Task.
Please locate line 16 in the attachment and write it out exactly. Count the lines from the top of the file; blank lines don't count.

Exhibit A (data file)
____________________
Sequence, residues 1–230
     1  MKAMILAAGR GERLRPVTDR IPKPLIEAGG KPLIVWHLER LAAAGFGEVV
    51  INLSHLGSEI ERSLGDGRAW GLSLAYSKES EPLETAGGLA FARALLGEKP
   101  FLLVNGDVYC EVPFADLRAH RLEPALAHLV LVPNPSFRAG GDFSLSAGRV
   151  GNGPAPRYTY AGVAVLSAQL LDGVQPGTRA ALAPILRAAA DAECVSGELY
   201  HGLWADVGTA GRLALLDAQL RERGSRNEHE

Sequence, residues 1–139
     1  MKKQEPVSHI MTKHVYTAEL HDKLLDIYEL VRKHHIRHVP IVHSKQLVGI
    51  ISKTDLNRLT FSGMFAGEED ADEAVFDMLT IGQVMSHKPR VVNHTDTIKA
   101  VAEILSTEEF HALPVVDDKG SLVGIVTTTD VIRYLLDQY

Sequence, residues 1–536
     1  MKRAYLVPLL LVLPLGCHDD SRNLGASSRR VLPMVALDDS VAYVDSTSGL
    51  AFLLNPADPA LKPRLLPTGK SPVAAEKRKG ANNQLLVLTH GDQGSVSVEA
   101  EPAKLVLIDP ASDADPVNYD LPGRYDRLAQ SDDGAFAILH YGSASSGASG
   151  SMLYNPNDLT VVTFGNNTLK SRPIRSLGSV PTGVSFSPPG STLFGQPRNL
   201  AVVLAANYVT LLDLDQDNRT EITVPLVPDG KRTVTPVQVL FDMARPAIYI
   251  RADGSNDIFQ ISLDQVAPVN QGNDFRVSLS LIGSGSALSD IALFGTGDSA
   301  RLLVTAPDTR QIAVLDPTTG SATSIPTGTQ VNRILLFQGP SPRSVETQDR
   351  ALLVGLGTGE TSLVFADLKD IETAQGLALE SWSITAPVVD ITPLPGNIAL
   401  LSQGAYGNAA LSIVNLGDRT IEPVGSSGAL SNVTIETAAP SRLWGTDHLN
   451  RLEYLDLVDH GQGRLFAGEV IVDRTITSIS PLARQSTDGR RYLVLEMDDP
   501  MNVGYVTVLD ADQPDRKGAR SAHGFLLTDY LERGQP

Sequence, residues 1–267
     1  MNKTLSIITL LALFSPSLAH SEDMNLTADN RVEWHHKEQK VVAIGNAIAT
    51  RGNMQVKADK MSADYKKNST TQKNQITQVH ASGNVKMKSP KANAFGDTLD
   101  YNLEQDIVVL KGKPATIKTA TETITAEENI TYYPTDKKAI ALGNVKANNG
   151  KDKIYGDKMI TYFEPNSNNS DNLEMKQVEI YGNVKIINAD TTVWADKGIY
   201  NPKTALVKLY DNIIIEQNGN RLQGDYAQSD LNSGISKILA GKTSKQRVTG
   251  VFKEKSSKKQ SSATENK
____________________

   201  AVVLAANYVT LLDLDQDNRT EITVPLVPDG KRTVTPVQVL FDMARPAIYI